driver. I made the best of my “break” and ate a bar, since I couldn’t really eat breakfast this year. But even the bar didn’t agree with me. A burning feeling spread in my stomach area, which should accompany me until the end. And suddenly they were there again: the riders who passed me from behind. And suddenly they were there again: the riders who shot past me from behind. I climbed the Kühtai this year in my personal best time. At the Brenner this year I was up to the Stubaital without wind protection of a group. Although I was not alone, but I rode in the wind and behind me a handful of men of which one said that he had to save grains. Everyone has to do that at the Brenner! But if every rider tries to avoid the leading position, then there is no group. I dosed my energy and stayed in the lower GA2-range. For Brenner I reached after a short break of refueling after a good 4 hours. Until the beginning of the Jaufenpass everything pointed to an excellent time of about 9 hours for me, since I had already completed the second part of the race in the past in 5 hours. But it came – as so often – differently. The heat struck mercilessly. I had underestimated how much fluid I had already lost in the first phase of the race. Until Sterzing I felt the summer temperatures as pleasant. Already from Kühtai I could only descend in a jersey – without a jacket or vest – it was so warm. In the summit area of the Jaufenpass I was already extremely thirsty and grateful for the water that was handed to me there (THANK YOU Frank!). Around noon the temperatures were still at a relatively bearable 27 to 28 degrees. The fast riders had a slight advantage. All those who were slower on the road were beaten by the heat. Until about 15 o’clock the thermometer climbed. My subsequent analysis of the maximum values of official measuring stations showed 36 degrees in Merano and even in the higher Passeier Valley at the foot of the Timmelsjoch still 31 degrees in St. Martin. However, with sunlight and the heat radiation from tar and glowing rock walls, the temperatures were much higher for the riders. My bike computer showed 38 degrees. At the same time it was almost windless. 7 hours after the start I saw the first strong riders getting off their bikes. I looked for every bit of shade I could find in the driveway. Every rider was soaking wet with sweat. On some riders the effort with salt drew their marks. I noticed that my thoughts became diffuse. Light dizziness seized me. I quickly realized that I was already dehydrated and the Timmelsjoch was still long. Welcome to the fires of hell. I slowed down my speed. Only one sentence had room in my head: “it’s hot!” All I wanted was to get to the finish line. Then a thought crept up, “I’ll never do that again, that was my last Ötztaler.” But I laughed almost simultaneously and dismissed it. “How stupid of me. They all say that and are at the start again next year”. In the uppermost part of the pass at over 2000 meters it became cooler. I looked at my watch and realized that a personal best time was still achievable. However, that was only if I stepped it up a notch. From this point on I gave everything that was still possible. No words can describe how hard the last minutes of the race were. But the effort was worth it: I was able to bring my fastest Ötztaler to the finish.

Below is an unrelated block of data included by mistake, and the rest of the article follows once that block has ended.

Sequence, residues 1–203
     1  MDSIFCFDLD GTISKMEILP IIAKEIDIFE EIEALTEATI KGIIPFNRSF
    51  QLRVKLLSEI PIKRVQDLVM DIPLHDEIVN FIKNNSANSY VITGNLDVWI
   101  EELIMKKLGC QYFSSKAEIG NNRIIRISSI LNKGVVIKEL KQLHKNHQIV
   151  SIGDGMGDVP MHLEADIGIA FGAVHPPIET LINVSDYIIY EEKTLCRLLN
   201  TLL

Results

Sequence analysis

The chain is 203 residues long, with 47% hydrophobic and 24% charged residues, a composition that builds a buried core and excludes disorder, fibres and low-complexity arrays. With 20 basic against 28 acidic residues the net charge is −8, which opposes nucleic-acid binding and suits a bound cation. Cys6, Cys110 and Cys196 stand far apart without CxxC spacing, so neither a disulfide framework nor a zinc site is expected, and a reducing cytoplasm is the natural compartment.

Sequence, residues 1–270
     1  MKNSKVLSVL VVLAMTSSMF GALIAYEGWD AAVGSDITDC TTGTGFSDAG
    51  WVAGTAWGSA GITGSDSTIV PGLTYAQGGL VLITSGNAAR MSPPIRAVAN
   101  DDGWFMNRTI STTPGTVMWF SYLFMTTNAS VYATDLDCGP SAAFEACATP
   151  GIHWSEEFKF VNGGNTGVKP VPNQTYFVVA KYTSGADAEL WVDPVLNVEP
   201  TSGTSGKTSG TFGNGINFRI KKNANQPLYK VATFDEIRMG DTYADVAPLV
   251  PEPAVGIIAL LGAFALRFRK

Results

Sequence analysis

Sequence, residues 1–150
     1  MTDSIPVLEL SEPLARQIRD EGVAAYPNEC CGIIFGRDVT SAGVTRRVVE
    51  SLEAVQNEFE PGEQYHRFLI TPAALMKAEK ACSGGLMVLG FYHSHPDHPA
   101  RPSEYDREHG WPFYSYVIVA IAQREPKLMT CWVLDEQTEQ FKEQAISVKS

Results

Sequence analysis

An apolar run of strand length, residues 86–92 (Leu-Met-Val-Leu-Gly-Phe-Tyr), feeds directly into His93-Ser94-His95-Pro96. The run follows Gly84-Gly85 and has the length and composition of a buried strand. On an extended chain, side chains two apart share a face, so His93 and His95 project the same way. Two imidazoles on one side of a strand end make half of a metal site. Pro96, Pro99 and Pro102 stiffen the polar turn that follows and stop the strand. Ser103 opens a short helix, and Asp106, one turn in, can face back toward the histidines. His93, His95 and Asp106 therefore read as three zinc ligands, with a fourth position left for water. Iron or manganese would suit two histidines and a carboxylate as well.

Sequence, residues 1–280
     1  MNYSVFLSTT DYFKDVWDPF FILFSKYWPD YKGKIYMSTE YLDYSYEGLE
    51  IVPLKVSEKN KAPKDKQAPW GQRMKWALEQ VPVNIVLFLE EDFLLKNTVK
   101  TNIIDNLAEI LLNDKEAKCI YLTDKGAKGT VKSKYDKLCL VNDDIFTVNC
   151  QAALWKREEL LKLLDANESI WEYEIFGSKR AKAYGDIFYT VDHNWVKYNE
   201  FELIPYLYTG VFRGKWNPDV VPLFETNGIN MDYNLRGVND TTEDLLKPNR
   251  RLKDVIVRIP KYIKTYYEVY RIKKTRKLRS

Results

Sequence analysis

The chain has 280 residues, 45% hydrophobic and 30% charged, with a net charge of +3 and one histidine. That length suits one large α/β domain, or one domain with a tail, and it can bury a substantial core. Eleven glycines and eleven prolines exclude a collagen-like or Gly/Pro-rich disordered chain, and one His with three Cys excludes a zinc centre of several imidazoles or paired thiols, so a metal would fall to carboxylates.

As a young mom to the best time
How was best time possible for me? As a young mom, there was no time for long tours. My longest training ride at a stretch lasted 3 hours. Hard hit by COVID-19, my preparation had been limited. The training camp had to be cancelled. The training took place in the flat on the roller and the home Munich Schotterebene. My last pass ride was almost a year ago: the pass ride from the Timmelsjoch at the Ötztaler 2022. Since I had not had a single quiet night for almost two years, my regeneration was severely limited and fatigue was my daily companion. I didn’t do intervals above threshold even once, as the time to recover would have taken many days and disrupted my base training. In fact, even a few hard starts during base runs – such as over highway bridges – hinder positive development in lactate and fat metabolism. I tried to make my little sleep as optimal as possible. I trained my fat metabolism and lactate reduction by occasionally training in a sober state or with exogenous ketones. Now and then there were also two short bike rides in one day, which also work in this direction. Nutrition plays a central role in regeneration. In order to trigger growth or repair in the body and especially in the muscles, the catabolic (degrading) effects caused by exercise and/or lack of energy must be interrupted. The strongest anabolic (building up) hormone in our body is insulin. Insulin has a stronger effect than testosterone, for example. Insulin is secreted by the intake of food with protein and especially carbohydrates. A low carb diet with few carbohydrates is counterproductive to increased performance, especially after training. Quickly available carbohydrates following exercise, on the other hand, are helpful. The targeted intake of certain amino acids can trigger growth processes in the muscle in addition to insulin. But even without insulin action, they cause growth in muscle tissue. Through a combination of these factors, I was able to increase my form. I was not able to reach my personal goal of running under nine hours (which corresponds to a time for men under 8 hours!). So there is still a score to settle! 2024 the Ötztaler Radmarathon will take place again at the beginning of September. Then probably without great heat and hopefully without snow.